Saturday’s ruling reinstated the National Assembly’s legislative powers, but it was not a complete reversal. It grants Maduro new powers to enter into joint-venture business investments and oil projects with foreign partners, deals that are supposed to require lawmakers’ approval.

That decision may reveal the true purpose for the attempted power grab. With a nearly $3 billion debt service payment due in less than two weeks and oil prices slumping again, Maduro’s government has been in negotiations for a cash infusion from the Russian state oil company Rosneft, according to Reuters. Saturday’s court ruling means Venezuela’s legislature would have no power to stop such a deal.


Fake News: Venezuela Upholds Rule of Law But Press Calls it Dictatorship

"In what modern democracy can a parliament accept as voting members people who have not been duly elected...?"


So Maduro told them they should re-think it, and they re-thought it.

I wonder how that would play out in Canada.

And I wonder if Venezuela's attourney general is going to re-think her calling it a "rupture of the constitutional order".

Mr. Magoo Mr. Magoo's picture

However, in what modern democracy can a parliament accept as voting members people who have NOT been duly elected because the voting process in their district was proven to have been grossly irregular? How can decisions taken by that parliament in which these non-elected people are recognized and participate, be in any way legitimate parliamentary decisions?

I'm sure Venezuela isn't the only state to have ever had alleged electoral irregularities.

Most of them investigate those irregularities in a timely way (it's been nearly a year and a half since Venezuela's election) and might even suspend the accused lawmakers pending the outcome of that investigation.

I don't think most of them would suspend the entire legislature and allow their Supreme Court to take their place.

I wonder how that would play out in Canada.

No kidding.  If the MP for Bass Lake is accused of stuffing ballot boxes, so the SCoC disbands Parliament and takes their place, we might see that as a bit of overkill.  And if that SCoC is fiercely loyal to Stephen Harper, who lost the last election, we might even see it as more than that.


Mr. Magoo Mr. Magoo's picture

The OAS Is Getting Ready to Attack Venezuela Again — Here’s How

Organization of American States, OAS, Secretary General Luis Almagro has called for a “special meeting” to be held on Monday to discuss the recent Venezuela Supreme Court decision, despite the fact that the decision was reversed due to criticisms within Venezuela's government.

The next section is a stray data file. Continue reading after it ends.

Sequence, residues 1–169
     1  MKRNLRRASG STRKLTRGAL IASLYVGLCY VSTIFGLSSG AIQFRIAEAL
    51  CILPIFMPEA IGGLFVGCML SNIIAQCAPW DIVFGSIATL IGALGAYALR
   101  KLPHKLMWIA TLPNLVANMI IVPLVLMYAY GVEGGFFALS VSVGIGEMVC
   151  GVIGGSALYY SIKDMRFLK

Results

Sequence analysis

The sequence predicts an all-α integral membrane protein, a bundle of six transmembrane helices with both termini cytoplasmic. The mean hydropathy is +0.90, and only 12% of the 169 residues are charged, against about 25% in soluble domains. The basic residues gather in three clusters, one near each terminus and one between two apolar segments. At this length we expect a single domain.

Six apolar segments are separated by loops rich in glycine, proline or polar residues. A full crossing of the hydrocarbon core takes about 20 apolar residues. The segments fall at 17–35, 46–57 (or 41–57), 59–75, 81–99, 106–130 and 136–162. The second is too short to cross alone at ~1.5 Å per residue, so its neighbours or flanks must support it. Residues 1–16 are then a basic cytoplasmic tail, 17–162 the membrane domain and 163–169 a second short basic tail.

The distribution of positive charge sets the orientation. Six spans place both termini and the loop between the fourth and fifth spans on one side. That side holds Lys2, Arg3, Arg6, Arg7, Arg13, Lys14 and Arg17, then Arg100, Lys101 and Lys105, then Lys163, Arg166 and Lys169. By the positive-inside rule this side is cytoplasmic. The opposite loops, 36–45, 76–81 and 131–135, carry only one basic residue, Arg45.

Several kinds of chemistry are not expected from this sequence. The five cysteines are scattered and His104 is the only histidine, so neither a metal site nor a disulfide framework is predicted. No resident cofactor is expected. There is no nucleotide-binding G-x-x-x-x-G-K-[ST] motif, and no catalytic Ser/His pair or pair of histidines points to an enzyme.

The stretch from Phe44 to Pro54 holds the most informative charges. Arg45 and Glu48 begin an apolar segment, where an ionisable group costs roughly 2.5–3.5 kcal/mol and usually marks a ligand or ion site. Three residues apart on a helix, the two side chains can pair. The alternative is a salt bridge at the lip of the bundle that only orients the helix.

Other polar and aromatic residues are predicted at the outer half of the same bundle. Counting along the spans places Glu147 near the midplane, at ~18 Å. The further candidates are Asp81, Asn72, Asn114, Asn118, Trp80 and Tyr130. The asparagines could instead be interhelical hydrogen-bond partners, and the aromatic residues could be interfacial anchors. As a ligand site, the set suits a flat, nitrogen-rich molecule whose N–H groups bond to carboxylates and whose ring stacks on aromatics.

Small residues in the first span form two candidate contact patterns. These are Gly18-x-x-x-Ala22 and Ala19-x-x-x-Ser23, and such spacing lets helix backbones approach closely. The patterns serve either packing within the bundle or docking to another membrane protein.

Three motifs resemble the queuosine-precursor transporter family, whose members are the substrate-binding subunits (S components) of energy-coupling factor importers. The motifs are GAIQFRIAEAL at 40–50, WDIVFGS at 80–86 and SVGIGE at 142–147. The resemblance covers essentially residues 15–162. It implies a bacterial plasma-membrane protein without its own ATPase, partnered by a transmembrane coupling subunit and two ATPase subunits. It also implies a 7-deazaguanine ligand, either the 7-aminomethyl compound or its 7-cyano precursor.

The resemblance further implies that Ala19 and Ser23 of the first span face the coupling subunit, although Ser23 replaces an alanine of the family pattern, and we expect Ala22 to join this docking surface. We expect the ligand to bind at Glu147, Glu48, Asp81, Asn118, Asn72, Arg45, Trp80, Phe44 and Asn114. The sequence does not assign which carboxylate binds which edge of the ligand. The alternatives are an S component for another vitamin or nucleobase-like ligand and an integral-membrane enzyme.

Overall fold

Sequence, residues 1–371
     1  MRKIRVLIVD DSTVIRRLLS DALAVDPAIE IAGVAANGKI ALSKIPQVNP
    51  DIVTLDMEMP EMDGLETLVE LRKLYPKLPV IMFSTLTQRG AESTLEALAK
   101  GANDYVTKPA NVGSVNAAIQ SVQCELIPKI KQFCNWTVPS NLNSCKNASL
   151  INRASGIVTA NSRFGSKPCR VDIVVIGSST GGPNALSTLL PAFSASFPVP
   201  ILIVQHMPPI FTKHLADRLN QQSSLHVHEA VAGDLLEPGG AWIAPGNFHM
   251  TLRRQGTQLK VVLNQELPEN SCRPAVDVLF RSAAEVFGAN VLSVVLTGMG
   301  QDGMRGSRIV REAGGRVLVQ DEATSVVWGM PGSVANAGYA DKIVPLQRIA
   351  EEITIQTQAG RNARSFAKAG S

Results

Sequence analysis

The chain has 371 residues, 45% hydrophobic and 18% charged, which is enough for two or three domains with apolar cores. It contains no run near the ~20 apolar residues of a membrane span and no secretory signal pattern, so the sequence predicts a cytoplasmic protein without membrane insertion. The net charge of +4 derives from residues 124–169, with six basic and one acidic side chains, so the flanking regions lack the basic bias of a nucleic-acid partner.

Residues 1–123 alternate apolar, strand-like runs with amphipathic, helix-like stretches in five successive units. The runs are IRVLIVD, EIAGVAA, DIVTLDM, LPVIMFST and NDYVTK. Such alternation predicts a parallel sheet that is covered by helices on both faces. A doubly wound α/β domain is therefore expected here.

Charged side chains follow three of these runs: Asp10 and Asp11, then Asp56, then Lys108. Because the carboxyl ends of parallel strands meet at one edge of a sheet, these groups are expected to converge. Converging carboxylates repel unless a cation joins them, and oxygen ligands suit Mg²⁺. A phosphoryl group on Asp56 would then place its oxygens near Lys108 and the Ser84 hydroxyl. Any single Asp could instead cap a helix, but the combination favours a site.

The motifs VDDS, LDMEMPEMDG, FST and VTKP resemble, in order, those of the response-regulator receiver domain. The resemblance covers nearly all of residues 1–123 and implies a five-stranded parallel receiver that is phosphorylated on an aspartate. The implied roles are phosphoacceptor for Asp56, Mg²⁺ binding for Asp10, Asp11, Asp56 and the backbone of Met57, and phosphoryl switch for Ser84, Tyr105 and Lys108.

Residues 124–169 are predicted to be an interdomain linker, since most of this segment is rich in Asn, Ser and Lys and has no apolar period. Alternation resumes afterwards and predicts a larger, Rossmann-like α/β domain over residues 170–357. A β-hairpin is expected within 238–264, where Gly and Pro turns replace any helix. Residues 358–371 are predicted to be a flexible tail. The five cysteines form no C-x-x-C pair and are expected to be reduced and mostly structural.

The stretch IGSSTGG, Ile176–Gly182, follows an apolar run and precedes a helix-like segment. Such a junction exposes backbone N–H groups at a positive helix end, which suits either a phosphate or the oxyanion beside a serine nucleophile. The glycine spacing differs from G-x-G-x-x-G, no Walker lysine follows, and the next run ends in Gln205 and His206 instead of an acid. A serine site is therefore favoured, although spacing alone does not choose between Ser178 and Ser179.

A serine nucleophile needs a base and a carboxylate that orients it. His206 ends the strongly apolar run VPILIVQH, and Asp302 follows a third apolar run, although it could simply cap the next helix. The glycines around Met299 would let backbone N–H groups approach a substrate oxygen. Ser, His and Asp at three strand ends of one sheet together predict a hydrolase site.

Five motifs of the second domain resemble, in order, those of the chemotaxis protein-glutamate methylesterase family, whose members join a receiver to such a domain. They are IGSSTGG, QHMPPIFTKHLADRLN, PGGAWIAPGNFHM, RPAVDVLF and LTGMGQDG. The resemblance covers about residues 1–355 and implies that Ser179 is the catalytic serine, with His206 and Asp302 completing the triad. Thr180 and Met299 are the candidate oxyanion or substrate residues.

In case you don't want to waste time reading a bunch of government-dictated blather about right wing enemies colluding, the problem appears to be OAS speaking with opposition leaders.  Telesur certainly earns their keep, in terms of never, ever criticizing the President or his party.

Organization of American States, OAS, Secretary General Luis Almagro has called for a “special meeting” to be held on Monday to discuss the recent Venezuela Supreme Court decision, despite the fact that the decision was reversed due to criticisms within Venezuela's government.

It's super that they reversed it (frankly, probably more because the whole world saw through it, rather than "due to criticisms within Venezuela's government").

But that doesn't change the fact that they still did it, and they only reversed it when it was clear they couldn't get away with it.  Surely that's still worth some words?

If Canada's government were to announce that homosexuality was illegal again, and then they reversed that 48 hours later, would it be worth discussing?  Or would it be water under the bridge?

Maduro tipped his hand.  AND he's left with nothing to show for it.  It will be fascinating for the world to see whether the STJ reversal actually goes so far as to allow the elected Assembly (minus three) to govern as they were elected to do.  Any bets on that?

Mr. Magoo Mr. Magoo's picture

Seems that even though the STJ (SCoV) walked back their decision at Maduro's "request", they didn't undo granting him special powers to negotiate oil deals without the approval of the Assembly.

The irony is strong in this one.  It basically means that the defiantly socialist President who insists the imperialist/capitalist world is meddling in his country is now free to sell off stakes in Venezuela's oilfields to multinational corporations, and nobody else needs to approve this.